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John T. McNeill, in his luminous The History and Character of Calvinism (New York: Oxford University Press, 1954), explains John Calvin this way:

“There is a strange impression in many quarters that Calvin was a man without emotions. It is a judgment easily made of those who do not talk much about their emotions. The whole story of his youth, his studies, his many friendships, and his correspondence shows that he was in fact of an unusually ardent nature. His conversation was not merely enlightenment; it was that unreserved, wholehearted commitment to the living God that is symbolized with the seal which he later used—a flaming heart on the palm of an extended open hand. God had rescued him from the depths; Calvin remained a man astonished by the mercy of God—la miséricorde de Dieu—mercy wholly undeserved and beyond man’s earning” (116).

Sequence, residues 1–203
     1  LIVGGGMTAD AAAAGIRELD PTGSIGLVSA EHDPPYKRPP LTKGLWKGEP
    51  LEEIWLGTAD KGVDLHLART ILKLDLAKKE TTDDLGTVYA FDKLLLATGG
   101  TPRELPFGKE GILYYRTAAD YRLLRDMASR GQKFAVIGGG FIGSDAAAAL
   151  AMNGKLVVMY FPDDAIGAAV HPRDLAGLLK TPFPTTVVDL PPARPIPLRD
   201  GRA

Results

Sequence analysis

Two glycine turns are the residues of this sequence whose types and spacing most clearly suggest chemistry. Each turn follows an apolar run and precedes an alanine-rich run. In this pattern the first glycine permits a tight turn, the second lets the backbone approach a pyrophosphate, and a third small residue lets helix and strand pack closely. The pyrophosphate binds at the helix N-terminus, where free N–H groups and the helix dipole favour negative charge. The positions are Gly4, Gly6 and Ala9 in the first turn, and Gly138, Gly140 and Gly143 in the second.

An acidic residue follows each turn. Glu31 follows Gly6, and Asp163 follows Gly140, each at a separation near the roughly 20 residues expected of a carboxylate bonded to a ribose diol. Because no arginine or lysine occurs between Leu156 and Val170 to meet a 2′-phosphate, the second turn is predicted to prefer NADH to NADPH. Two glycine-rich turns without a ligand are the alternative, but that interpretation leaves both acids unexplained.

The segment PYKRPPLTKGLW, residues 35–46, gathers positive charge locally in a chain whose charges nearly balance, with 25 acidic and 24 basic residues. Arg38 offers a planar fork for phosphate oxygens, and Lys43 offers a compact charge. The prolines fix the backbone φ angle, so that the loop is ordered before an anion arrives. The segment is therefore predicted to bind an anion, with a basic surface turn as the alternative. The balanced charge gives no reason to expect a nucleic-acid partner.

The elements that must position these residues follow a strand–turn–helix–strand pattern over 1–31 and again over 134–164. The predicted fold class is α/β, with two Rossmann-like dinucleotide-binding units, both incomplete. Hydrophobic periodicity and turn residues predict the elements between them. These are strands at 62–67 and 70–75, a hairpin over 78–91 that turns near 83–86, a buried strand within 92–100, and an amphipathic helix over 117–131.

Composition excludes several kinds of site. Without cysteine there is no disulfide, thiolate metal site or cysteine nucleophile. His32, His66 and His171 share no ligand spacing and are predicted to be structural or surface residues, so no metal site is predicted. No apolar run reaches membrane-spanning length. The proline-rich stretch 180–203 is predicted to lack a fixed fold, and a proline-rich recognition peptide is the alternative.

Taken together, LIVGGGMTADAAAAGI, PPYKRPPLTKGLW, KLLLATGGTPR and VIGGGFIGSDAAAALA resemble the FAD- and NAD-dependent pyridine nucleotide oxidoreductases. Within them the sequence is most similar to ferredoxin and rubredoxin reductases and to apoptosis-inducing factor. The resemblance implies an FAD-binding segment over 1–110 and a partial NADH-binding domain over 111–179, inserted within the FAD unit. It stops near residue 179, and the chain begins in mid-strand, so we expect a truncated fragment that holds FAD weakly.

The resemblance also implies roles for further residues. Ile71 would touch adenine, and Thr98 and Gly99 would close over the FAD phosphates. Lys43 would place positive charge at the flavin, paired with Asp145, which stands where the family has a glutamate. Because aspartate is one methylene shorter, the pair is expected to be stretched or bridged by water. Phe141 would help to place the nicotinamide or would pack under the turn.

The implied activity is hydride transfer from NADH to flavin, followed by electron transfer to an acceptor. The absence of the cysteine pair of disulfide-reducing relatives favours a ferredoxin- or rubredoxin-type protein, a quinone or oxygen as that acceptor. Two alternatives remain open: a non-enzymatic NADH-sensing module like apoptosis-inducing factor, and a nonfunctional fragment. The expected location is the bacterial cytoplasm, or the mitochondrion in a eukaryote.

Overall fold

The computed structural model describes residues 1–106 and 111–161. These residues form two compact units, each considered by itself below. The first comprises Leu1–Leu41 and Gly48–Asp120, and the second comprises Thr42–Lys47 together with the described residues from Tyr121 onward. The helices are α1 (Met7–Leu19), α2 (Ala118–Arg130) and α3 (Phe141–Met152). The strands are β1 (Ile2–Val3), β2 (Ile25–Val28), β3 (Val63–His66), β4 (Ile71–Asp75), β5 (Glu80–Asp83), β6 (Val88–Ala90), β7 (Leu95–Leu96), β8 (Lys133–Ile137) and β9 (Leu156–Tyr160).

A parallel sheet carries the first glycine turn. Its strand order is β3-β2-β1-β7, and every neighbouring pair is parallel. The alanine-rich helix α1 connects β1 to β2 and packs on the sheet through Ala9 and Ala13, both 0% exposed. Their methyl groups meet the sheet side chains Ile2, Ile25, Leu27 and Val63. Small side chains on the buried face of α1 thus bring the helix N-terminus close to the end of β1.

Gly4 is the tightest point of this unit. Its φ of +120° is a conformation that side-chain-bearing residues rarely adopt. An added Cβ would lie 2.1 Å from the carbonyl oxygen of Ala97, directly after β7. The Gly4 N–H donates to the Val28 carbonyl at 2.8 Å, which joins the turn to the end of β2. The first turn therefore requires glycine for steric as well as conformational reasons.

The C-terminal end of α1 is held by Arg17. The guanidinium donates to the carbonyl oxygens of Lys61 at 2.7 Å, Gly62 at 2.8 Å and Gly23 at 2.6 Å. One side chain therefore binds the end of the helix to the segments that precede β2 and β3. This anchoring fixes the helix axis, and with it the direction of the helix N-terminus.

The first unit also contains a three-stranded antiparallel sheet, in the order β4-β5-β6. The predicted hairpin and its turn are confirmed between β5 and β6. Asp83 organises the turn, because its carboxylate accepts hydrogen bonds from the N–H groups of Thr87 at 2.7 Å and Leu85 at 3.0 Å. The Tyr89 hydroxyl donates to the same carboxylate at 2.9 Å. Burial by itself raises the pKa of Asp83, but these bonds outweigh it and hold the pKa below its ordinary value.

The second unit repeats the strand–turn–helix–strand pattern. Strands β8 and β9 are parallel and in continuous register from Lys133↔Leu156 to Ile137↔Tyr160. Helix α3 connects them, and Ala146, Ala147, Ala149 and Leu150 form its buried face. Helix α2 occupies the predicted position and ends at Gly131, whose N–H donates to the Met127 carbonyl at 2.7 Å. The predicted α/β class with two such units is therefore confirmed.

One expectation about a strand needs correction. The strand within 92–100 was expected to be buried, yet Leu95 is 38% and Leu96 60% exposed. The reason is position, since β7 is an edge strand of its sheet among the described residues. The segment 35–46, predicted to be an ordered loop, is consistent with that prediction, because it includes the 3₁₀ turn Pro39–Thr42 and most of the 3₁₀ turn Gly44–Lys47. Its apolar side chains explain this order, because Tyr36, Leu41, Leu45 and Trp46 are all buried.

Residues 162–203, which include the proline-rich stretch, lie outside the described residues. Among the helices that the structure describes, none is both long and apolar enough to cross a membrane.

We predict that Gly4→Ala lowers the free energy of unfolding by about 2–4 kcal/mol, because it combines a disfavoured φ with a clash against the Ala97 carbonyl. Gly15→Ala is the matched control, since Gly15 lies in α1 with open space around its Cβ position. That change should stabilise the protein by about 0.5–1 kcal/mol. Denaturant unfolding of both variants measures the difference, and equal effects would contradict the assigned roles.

I do not take McNeill’s portrait to mean that Calvin looked like a sentimental American evangelical with respect to his “emotions,” but this is a helpful humanizing commentary on a man usually dismissed as scholastic or stiff.

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